DENNIS M. CAVANAUGH, District Judge.
This matter comes before the Court upon the Motion of Defendants Sourcing for You, Limited and Sourcing for You Consulting, Ltd. (collectively "Defendants") to Stay this Proceeding and Compel Arbitration. Pursuant to FED. R. Civ. P. 78, no oral argument was heard. Based on the following and for the reasons expressed herein, Defendants' Motion to Stay this Proceeding and Compel Arbitration is denied.
On March 14, 2008, Plaintiff Aetrex Worldwide, Inc. ("Plaintiff') and Defendants entered into a supply agreement that contained a non-compete provision. The agreement also contained a stipulation to arbitrate certain matters, which was set out in Paragraph 14(F) as follows:
Except for an action seeking a temporary restraining order or injunction related to the purposes of this Agreement, a suit to compel compliance with this dispute resolution process, or the entry and enforcement of any judgment on any arbitration award, any dispute, claim or controversy arising out of or relating to this Agreement or the breach, termination, enforcement, interpretation or validity thereof, including the determination of the scope or applicability of this Agreement to arbitrate, shall be determined exclusively by final, binding arbitration...
On March 28, 2013, Plaintiff filed a Verified Complaint seeking temporary, preliminary, and permanent relief due to Defendants' alleged breach of the non-compete provision (ECF No. 1). Plaintiff also filed a Brief in Support of Order to Show Cause with Temporary Restraints (Id.). On April 4, 2013, Defendants filed a Motion to Stay the Complaint and Compel Arbitration (ECF No. 7). The Court denied Defendants' Motion on April 16, 2013, finding that the arbitration exclusion set forth above was applicable (ECF No. 12). Two days later, on April 18, 2013, Plaintiff withdrew its Motion for a preliminary injunction (ECF No. 14). Defendants filed the instant Motion to Stay this Proceeding and Compel Arbitration on May 14, 2013 ("Def.'s ECF No. 21). Plaintiff filed a Brief in Opposition on June 3, 2013 ("Pl.'s Opp'n, " ECF No. 25). Defendants filed a Reply Brief on June 10, 2012 ("Def.'s Reply, " ECF No. 26).
II. STANDARD OF REVIEW
When deciding whether a matter must be submitted to arbitration, courts must make two determinations: "(1) that a valid agreement to arbitrate exists, and (2) that the particular dispute falls within the scope of that agreement." Washington v. CentraState Healthcare Sys.. Inc., No. 10-6279, 2011 WL 1402765, at *4 (D.N.J. Apr. 13, 2011). When a contract contains an arbitration clause, a presumption of validity arises, which can only be overcome if the court can determine with positive assurance that the clause does not cover the dispute at issue. AT & T Technologies v. Communications Workers of America , 475 U.S. 643, 650 (1986). Further, if a plaintiff "seeks relief in federal court for a claim that is subject to an arbitration agreement, the defendant is entitled to a stay of the court proceeding pending arbitration, and to an order compelling arbitration." In re EnCap Golf Holdings, LLC, No. 08-5178, 2009 WL 2488266, at *2 (D.N.J. Aug. 10, 2009).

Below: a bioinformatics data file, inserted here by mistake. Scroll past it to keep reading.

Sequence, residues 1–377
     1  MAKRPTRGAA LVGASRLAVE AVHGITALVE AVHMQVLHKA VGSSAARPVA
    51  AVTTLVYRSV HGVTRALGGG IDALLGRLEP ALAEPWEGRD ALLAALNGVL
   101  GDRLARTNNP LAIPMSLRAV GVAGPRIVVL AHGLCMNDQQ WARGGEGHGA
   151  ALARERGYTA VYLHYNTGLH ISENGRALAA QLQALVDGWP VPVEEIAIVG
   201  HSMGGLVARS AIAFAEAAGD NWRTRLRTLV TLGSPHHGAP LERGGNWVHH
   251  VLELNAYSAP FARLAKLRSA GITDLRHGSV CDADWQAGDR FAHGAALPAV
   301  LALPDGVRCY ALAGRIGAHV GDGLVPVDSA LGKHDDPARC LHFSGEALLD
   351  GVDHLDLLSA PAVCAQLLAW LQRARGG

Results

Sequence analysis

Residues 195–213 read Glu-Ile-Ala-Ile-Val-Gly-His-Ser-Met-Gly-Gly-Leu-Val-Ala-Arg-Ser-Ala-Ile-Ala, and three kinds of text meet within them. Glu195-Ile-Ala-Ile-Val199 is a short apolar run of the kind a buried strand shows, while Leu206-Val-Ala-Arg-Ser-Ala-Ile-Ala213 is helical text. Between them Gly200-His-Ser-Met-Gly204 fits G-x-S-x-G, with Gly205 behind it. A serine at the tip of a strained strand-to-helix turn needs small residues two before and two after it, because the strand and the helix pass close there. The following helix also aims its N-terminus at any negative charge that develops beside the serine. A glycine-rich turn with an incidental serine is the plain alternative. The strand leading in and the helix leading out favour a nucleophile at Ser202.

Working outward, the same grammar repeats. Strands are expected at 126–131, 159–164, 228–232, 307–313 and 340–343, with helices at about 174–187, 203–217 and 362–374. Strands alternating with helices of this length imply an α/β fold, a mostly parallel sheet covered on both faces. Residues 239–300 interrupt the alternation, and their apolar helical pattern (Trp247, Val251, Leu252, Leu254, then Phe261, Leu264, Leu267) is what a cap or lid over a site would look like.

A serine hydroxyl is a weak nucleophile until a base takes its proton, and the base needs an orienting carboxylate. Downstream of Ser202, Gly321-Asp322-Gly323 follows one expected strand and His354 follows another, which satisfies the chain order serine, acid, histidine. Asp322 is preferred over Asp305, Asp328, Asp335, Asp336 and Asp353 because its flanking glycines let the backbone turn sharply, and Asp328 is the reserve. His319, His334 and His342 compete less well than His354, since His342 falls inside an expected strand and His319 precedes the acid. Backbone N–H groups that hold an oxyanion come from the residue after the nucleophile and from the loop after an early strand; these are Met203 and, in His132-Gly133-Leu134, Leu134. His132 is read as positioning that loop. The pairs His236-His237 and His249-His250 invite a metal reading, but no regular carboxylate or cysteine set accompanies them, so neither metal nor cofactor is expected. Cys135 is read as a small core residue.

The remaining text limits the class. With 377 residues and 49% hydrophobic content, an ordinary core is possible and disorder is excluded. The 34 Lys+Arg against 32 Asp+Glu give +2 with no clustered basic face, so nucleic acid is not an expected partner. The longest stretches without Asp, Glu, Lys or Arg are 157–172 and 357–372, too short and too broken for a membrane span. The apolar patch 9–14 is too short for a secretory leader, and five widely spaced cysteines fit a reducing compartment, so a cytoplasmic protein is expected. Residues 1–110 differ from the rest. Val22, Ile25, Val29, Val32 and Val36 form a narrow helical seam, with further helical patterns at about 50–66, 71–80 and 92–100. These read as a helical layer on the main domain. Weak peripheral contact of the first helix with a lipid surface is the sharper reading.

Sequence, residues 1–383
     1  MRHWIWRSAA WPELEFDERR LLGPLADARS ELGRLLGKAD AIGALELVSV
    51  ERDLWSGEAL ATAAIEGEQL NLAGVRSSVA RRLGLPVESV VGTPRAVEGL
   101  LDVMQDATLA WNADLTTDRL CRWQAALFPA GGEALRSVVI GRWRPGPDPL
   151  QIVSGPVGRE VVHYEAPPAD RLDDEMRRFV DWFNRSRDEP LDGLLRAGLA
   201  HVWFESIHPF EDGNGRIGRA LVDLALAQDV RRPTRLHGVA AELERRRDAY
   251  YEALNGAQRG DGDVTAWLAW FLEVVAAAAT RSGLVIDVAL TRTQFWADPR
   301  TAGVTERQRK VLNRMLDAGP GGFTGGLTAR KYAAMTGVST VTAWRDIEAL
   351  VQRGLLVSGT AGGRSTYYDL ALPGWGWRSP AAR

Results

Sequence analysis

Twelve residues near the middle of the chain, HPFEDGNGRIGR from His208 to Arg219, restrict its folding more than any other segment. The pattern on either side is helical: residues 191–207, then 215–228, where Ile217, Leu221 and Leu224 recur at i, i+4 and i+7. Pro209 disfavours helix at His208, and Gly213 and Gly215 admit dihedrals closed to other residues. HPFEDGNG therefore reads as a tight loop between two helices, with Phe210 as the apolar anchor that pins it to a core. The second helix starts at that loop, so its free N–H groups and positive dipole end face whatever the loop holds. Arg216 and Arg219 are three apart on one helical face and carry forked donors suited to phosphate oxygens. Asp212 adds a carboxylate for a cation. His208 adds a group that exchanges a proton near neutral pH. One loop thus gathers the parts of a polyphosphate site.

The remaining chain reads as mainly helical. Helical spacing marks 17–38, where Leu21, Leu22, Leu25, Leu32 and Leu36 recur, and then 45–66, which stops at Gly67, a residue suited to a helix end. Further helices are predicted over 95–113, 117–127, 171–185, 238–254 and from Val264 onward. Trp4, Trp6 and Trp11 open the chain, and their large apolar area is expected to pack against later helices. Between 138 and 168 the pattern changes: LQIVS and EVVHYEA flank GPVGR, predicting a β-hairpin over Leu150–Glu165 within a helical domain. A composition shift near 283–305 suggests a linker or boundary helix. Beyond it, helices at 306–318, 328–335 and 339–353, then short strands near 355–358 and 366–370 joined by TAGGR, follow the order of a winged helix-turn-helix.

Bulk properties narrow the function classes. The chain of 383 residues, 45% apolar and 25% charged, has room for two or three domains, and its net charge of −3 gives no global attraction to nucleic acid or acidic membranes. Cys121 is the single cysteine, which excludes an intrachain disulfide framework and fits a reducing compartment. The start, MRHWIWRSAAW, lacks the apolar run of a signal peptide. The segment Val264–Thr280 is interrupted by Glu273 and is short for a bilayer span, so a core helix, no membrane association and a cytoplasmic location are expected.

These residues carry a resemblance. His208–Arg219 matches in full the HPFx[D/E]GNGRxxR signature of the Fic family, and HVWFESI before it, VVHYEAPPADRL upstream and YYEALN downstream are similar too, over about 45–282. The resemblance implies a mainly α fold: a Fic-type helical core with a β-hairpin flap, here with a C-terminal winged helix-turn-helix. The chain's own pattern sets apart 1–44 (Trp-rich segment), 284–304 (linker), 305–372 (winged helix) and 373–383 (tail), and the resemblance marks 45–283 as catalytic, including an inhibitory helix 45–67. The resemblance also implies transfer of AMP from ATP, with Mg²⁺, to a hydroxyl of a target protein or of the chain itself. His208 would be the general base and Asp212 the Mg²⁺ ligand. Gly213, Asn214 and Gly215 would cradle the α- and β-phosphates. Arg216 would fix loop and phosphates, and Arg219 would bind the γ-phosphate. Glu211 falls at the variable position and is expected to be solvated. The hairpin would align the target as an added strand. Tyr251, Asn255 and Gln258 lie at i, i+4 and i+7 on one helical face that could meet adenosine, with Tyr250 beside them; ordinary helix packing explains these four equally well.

In the instant case, neither party argues that a valid agreement to arbitrate does not exist. Thus, the Court's only inquiry is whether the parties' particular dispute falls into the scope of their arbitration agreement. The parties' disagreement revolves around the following wording in Paragraph 14(F) of their contract: "Except for an action seeking a temporary restraining order or injunction ... any dispute, claim or controversy arising out of or relating to this Agreement... shall be determined exclusively by final, binding arbitration." Plaintiff contends that this language includes both preliminary and permanent injunctions (Pl.'s Opp'n at 6). Defendants, however, claim that the word "temporary" modifies both "restraining order" and "injunction, " and thus argue that the world "injunction" does not include permanent injunctions (Def.'s Mot. at 7).
Defendants point to various case law for the proposition than "an initial modifier' adjective is deemed to modify each of the nouns or phrases it precedes" (Def.'s Reply at 3). For example, the Sixth Circuit found that the phrase "negligent act, error or omission" covered only negligent as opposed to intentional conduct. U.S. Fid. & Guar. Co. v. Fireman's Fund Ins. Co. , 896 F.2d 200, 203 (6th Cir. 1990). See also Washington Educ. Assn v. Nat'l Right to Work Legal Def. Found., Inc., 187 F.App'x 681, 682 (9th Cir. 2006) ("Under generally accepted rules of syntax, an initial modifier will tend to govern all elements in the series unless it is repeated for each element." (citation omitted)). In the present case, however, a plain reading of the disputed contract provision shows that the word "temporary" is not an initial modifier adjective; rather, it is an integral part of the phrase "temporary restraining order." It is unreasonable to suggest that the parties only intended the provision to cover preliminary and not permanent injunctions, yet did not include the world "preliminary" in front of the word "injunction." Therefore, this Court finds that the disputed contract provision unambiguously covers permanent injunctions. Accordingly, Defendants' Motion to Stay this Proceeding and Compel Arbitration is denied.
For the foregoing reasons, Defendants' Motion to Stay this Proceeding and Compel ...